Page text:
When honest people repeat a man’s words, they generally do their best not to interpret–or say more than he said. That’s fair. Let a man speak for himself.



“But without faith it is impossible to please Him; for he that cometh to God must believe that He is, and that He is a rewarder of them that diligently seek Him” (Heb. 11:6)

INTRO.: A song which talks about the importance of faith in our lives to please God is “Living by Faith” (#286 in Songs of the Church). The text of stanzas 1-3 was written by James S. Wells (1872-1947). I have not been able to locate any further information on this author. The text of stanza 4 was written by Robert Emmett Winsett (1876-1952). The tune was composed by J. L. Heath. I have also not been able to locate any further information on this composer. The song first appeared in His Voice in Song edited by R. E. Winsett for the Winsett Music Co. of Chattanooga, TN, in 1918. What I have…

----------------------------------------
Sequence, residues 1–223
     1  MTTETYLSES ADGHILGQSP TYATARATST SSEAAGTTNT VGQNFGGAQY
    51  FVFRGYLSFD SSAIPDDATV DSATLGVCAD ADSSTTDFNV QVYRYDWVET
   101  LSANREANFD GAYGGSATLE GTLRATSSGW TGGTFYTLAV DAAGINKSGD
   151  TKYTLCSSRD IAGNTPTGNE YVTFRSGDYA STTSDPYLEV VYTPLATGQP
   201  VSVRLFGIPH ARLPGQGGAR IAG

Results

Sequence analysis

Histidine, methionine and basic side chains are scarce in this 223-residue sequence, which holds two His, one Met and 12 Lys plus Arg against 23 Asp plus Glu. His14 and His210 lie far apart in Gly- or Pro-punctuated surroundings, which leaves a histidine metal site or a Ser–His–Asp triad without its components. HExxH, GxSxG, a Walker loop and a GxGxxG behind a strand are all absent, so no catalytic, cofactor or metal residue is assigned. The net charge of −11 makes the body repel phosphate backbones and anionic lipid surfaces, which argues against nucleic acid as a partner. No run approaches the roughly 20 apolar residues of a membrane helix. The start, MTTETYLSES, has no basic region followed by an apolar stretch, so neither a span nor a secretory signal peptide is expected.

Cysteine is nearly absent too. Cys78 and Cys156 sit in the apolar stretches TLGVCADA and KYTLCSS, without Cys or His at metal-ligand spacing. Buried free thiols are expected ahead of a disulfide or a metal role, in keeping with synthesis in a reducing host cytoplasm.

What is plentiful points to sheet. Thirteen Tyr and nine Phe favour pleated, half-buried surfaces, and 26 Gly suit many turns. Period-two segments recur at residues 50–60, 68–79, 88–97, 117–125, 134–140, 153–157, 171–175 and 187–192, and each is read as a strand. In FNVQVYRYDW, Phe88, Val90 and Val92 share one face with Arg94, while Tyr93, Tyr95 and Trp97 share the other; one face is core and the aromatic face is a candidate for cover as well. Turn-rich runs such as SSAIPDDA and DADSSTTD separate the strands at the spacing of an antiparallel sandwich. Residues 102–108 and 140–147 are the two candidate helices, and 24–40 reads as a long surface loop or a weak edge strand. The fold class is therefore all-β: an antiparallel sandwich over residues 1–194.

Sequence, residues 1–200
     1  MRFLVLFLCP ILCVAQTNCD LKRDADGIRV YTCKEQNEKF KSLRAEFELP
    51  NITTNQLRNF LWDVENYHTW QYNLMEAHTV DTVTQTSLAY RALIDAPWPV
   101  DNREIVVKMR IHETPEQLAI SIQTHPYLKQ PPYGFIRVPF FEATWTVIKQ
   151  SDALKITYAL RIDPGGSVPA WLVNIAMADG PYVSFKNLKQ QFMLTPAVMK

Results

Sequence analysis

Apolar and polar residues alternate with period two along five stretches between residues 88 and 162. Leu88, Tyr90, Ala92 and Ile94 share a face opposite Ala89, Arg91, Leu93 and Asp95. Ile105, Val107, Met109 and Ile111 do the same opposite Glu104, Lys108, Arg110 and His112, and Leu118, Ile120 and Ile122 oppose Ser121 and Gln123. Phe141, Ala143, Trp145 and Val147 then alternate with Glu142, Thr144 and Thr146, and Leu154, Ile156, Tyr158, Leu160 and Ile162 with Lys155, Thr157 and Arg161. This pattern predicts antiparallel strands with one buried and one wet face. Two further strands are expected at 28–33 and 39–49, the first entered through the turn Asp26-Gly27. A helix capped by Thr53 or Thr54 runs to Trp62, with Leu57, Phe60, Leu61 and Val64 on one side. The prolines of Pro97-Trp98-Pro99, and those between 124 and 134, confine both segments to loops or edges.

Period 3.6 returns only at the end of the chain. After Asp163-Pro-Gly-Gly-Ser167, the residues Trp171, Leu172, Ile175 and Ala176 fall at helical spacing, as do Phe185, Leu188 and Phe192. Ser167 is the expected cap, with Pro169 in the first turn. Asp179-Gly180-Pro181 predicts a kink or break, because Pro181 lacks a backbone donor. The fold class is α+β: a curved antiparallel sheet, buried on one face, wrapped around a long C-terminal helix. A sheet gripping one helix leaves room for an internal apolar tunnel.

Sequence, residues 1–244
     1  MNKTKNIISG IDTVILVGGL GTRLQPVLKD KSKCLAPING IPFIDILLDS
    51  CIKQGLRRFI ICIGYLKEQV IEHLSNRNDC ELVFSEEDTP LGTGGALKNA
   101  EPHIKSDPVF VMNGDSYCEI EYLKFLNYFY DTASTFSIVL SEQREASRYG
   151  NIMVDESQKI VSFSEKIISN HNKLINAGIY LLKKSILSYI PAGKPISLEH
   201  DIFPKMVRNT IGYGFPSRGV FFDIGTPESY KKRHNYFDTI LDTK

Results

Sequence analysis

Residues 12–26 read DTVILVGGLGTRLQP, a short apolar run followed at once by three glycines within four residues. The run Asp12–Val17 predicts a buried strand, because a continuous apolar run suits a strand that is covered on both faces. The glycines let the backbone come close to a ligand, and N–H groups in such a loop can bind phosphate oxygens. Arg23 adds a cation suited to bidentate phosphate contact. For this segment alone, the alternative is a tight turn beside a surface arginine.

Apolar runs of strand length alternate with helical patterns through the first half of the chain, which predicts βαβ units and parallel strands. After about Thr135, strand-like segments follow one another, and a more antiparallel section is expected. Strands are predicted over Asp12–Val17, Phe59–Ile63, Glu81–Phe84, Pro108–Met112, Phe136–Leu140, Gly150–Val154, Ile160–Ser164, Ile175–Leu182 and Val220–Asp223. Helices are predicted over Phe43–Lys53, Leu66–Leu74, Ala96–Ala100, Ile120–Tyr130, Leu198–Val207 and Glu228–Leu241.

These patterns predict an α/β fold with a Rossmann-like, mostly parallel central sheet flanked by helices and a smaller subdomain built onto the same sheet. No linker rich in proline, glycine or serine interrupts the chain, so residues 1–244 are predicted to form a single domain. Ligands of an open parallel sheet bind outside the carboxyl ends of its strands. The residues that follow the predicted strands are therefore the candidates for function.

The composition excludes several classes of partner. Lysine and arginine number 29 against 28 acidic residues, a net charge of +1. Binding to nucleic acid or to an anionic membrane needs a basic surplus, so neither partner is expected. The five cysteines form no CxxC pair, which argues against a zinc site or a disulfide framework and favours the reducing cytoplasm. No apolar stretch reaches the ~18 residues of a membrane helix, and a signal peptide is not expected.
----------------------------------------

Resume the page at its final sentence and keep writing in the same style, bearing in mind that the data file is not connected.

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How does God view those who return evil for good? 

Returning evil for evil is a natural response for most men. God requires a higher standard of his children, commanding us not even to return evil for evil (1 Thess. 5:15).

In fact, we are commanded to return good for evil even to our enemies (Matt. 5:44-45), and in so doing, overcome evil with good (Rom. 12:21).

On the other hand there are those whose hearts are ready to return evil for good. The Lord warns those who return evil for good that “evil shall not depart from his house” (Pro. 17:13).